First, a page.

With the rise of automation, SD-WAN is steadily disrupting the enterprise networking market. The COVID-19 pandemic has now thrust SD-WAN technologies further into the spotlight. Participants in this sector have taken many approaches, and one of the more independent paths has been charted by Aryaka. With us today to talk about Aryaka’s approach to the SD WAN marketplace are Shashi Kiran, CMO, and David Ginsburg, VP Product and Solutions Marketing.
TR: What are your backgrounds and how did you get to where you are today with Aryaka?
DG: I’ve been in the company about a year. My background is electrical engineering, but I came up through project management, product marketing and corporate marketing. I am responsible for product and solutions marketing, i.e., how we characterize our solutions to prospects, customers, analysts and partners and how we bring in various partner technologies to complete the pictures. For example, we work with Palo Alto for implementation of their virtual firewall on our ANAP, which is our SD-WAN branch device.
SK: I’ve been with the company since January of 2019. I have been with a few startups as well as larger companies like Cisco and Nortel. I was fortunate to recruit Dave and Hugo Vliegen, who runs product management and build out the rest of the organization. Since the team came together, we have completely refreshed our product and services portfolio, pricing, website, brand and how we go to market, while keeping our DNA intact. It has been a fun transformation and one that I hope will have positive impact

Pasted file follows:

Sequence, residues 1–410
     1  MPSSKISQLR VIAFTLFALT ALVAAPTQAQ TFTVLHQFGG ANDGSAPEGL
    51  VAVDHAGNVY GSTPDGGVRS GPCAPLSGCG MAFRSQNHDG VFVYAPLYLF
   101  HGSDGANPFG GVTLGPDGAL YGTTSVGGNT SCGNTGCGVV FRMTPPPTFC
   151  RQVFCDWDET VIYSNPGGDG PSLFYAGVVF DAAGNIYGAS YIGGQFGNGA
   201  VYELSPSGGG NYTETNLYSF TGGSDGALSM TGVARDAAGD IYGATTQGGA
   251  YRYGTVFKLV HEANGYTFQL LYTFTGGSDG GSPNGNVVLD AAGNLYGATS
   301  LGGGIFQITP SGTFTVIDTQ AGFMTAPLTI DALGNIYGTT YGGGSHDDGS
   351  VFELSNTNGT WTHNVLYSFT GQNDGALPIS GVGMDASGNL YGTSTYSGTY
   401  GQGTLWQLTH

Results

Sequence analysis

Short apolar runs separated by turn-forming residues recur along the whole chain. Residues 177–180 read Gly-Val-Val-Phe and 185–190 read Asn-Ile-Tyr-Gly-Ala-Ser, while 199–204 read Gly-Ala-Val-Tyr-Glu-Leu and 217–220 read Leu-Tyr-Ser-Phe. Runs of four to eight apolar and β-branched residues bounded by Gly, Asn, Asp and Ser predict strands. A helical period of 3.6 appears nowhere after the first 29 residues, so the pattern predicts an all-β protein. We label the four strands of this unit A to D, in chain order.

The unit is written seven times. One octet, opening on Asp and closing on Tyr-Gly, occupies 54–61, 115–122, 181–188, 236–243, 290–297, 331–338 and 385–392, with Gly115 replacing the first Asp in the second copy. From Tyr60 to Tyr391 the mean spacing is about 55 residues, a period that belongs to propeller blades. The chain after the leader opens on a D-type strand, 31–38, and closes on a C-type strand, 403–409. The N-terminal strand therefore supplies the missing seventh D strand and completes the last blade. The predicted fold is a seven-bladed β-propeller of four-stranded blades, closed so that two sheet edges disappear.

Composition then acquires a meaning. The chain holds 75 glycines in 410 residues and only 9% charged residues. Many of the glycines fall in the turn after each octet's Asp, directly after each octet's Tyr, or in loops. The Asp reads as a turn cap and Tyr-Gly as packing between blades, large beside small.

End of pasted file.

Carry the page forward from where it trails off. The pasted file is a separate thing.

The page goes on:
TR: What is Aryaka’s approach to SD-WAN and how did it come to be?
DG: We’re a little bit unique in that we develop our own technology and offer it as a self-contained managed service. It’s a different business model than the box or DIY vendors, and also different from traditional telcos or your MSPs that source the technology from a box vendor, stitch it together, and offer it as a managed service. We got our start 10 years ago offering it as a global WAN optimization as-a-service, because no one had invented the term, SD-WAN back then. Over the past five years, what we offered for global orchestration, traffic optimization, security, multi-cloud connectivity, and visibility through our MyAryaka Cloud Portal fit perfectly with the definition of an integrated managed SD-WAN offering, so we went with the flow. That changed last fall when we introduced the term “Cloud-First WAN”. The reason is that there are some people that take a rather limited view of what SD-WAN is in the marketplace. Is it just connectivity? Is it connectivity and a little bit of cloud? And we also wanted to rise above the noise. Ultimately, it’s a global-managed next-generation WAN service that integrates these various functionalities. The enterprises consume it via a network consumption model, but we take away all complexity from them. It’s totally an OPEX model versus a CAPEX model, and its flexibility has shown itself in the current pandemic environment.